How can you know if you are building the right product or service? Big question, right? You’ve put hundreds of hours into your idea and maybe you have already built it but, how can you know if you are building something that will delight your users?
NOTE: This article is focused on new products or products that have not yet launched. This information also pertains to assessing long existing products but, I have another article on that with additional things to consider.
First, have you gotten user feedback?
I’m not talking about feedback from your colleagues, friends and family – they will usually want to say nice things and encourage you. And, I’m not talking about a demonstration where you are showing strangers your ideas and asking them what they think. This is a different type of feedback that you get from users of your product. Both of these types of feedback will not give you what you need.
What you need is to collect and capture what people are thinking, feeling and doing when they use your product. Just as importantly, they need to feel they will not be hurting any one’s feelings (AKA yours) when they share their feedback. There are 3 pieces involved with collecting this feedback.
3 Key Aspects of Collecting Quality User Feedback
- Anonymity – users must feel they can say what they really think without hurting anyone’s feelings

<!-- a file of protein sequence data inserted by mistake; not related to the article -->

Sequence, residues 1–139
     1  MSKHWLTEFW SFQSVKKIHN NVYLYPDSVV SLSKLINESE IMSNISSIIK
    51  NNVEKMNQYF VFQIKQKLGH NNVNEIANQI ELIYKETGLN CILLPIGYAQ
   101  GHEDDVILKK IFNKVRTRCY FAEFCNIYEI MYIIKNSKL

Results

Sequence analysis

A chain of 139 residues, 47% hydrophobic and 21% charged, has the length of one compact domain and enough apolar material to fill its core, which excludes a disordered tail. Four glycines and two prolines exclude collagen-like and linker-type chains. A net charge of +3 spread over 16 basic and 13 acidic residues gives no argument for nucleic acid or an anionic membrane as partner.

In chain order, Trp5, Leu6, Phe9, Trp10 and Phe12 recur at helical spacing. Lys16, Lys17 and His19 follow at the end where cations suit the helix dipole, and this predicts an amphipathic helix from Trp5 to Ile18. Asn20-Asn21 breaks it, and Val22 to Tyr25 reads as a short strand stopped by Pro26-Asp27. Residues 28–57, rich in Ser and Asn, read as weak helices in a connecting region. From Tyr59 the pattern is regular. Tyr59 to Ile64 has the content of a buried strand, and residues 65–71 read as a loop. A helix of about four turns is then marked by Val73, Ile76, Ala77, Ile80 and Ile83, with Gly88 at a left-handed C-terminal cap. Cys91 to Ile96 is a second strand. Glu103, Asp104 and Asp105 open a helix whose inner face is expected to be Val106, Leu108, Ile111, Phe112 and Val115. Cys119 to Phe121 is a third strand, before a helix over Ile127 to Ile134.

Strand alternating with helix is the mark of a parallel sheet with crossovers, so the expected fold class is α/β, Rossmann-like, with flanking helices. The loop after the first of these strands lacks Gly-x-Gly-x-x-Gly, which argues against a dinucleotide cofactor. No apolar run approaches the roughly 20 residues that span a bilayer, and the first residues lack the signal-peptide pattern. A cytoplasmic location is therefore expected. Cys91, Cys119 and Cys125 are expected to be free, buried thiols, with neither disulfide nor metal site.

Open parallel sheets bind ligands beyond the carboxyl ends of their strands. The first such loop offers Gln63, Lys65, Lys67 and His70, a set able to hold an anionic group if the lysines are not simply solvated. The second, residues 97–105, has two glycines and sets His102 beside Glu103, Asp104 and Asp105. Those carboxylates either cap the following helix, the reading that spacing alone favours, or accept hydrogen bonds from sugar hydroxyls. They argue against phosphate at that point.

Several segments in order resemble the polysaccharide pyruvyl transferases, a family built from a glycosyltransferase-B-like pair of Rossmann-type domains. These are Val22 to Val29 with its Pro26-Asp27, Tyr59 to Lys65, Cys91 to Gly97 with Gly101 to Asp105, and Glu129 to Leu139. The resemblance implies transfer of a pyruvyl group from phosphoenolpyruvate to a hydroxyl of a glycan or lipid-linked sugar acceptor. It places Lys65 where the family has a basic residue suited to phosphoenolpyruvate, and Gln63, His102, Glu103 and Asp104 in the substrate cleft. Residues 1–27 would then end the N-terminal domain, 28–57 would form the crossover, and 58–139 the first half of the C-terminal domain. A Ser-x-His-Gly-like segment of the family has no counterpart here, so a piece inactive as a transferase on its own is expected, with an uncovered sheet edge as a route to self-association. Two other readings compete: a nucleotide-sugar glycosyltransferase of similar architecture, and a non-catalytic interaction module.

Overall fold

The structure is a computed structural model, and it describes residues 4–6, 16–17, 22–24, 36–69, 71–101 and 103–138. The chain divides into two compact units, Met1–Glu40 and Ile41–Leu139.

- Actual usage of the product (and not a demo)
- Users must belong to your target audience
Second, analyze that feedback
To analyze user feedback, it usually means that you need to consider both logical activities (errors, learning, task flow, and content categories) and subjective issues (delight and frustration). This is a complex thing to do. Often I see companies collect user feedback but then do not use it to take systematic actions to improve the experience of the user. Sometimes they feel overwhelmed with the amount of information and lack of clarity on what feedback to listen to and what to put in the backlog. Or they are wrapped up in the demands of already in-process work goals and lack of time to comb through the data.
If you’d like test your product on your own, here are some ways you can do it.
- Interviews with potential users
- Interviews with early users of the product
- Think-aloud usability studies
If you would like a professional to help you create a useful and usable product or service, I would love to help you.